Basic Shell operators

There are many operators supported by each Shell. Our tutorial is based on the default Shell (Bourne) so we are discussing Bourne shell operators in this chapter.

There are many operators supported by each Shell. Our tutorial is based on the default Shell (Bourne) so we are discussing Bourne shell operators in this chapter.

There are the following operators that we need to consider:

  • Arithmetic operators
  • Relational operators
  • Logical operators
  • String operators
  • File check operators

Bourne shell at first did not have any technique to present simple arithmetic, but it used peripheral programs, either awk or a simpler program than expr .

Here is a simple example to add two numbers:

  #! / bin / sh val = `expr 2 + 2` echo " Total value: $ val " 

It will produce the following result:

  Total value : 4 

The points you need to keep in mind are:

There must be a space between the two operators and two expressions, for example 2 + 2 is not correct, it should be written as 2 + 2.

Full expression should be surrounded by ``, called an inverse comma.

Arithmetic operators in Unix / Linux

The following arithmetic operators are supported by Bourne shell.

Suppose variable a holds value 10 and variable b holds value 20, then:

For example:

Operator Description Example + Addition - add value on each side to the operator `expr $ a + $ b` the result is 30 - Subtraction - except the right value of the left operator` expr $ a - $ b `result is -10 * Multiplication - multiplying the value on each side with the operator. `expr $ a * $ b` the result is 200 / Divide - divide the right value for the left value` expr $ b / $ a` the result is 2% Take the balance - take the rest after dividing the left value by the right value `expr $ b% $ a` results 0 = assignment - assigning the left operand to the right operand a = $ b will assign the value of b to a == equals - Comparing two numbers, if both are the same, the result is true. [$ a == $ b] will return False. ! = Unbalanced magic - compare two numbers, if both numbers are different then the value returned is true. [$ a! = $ b] will return True result.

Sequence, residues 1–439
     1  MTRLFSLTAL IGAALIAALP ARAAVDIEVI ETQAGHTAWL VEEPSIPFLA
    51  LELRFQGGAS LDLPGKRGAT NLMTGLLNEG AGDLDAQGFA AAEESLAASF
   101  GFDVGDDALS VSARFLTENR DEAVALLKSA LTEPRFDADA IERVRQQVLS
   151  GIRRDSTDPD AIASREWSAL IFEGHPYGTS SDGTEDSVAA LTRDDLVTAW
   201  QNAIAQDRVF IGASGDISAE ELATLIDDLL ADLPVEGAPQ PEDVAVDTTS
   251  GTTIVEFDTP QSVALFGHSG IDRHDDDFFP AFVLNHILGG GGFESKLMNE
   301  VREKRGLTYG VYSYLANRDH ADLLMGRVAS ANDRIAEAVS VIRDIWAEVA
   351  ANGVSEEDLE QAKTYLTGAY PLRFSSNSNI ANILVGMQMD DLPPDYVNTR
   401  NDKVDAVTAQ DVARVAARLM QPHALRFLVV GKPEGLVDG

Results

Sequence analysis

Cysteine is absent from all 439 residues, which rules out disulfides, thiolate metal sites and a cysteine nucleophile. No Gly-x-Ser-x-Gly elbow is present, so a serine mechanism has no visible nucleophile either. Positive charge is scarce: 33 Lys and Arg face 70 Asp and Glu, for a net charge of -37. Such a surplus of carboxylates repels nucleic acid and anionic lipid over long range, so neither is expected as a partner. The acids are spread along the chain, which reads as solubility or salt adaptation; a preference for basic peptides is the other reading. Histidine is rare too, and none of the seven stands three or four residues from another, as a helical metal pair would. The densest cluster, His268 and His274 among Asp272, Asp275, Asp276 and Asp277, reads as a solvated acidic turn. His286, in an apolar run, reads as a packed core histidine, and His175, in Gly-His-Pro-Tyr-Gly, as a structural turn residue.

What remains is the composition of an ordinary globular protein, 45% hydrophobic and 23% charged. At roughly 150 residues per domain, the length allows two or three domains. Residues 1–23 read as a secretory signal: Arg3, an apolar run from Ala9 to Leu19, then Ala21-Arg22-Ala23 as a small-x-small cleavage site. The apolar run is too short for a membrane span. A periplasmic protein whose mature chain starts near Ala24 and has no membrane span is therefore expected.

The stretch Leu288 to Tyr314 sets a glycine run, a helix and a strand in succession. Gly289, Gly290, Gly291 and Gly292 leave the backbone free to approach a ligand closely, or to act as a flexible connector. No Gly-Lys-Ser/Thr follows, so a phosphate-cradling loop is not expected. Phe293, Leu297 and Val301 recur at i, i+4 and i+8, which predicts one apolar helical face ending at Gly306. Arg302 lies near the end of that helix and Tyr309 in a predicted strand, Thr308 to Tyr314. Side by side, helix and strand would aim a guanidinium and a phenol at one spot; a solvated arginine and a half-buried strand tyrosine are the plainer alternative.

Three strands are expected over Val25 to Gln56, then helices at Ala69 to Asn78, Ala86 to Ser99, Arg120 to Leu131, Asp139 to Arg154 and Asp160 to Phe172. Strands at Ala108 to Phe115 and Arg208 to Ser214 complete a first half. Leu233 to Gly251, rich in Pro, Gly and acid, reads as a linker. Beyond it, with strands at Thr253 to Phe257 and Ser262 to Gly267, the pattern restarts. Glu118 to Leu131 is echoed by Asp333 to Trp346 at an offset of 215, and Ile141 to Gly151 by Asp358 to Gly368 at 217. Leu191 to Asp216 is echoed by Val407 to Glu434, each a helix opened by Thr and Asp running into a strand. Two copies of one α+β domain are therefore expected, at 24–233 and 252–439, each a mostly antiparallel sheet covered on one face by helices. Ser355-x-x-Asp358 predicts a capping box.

It is very important to remember here that all conditional expressions will be enclosed in square brackets ([]) with a blank space around them, for example [$ a == $ b ] is true, and [$ a == $ b] is incorrect.

All arithmetic operations are performed using long integers.

Relational operators in Unix / Linux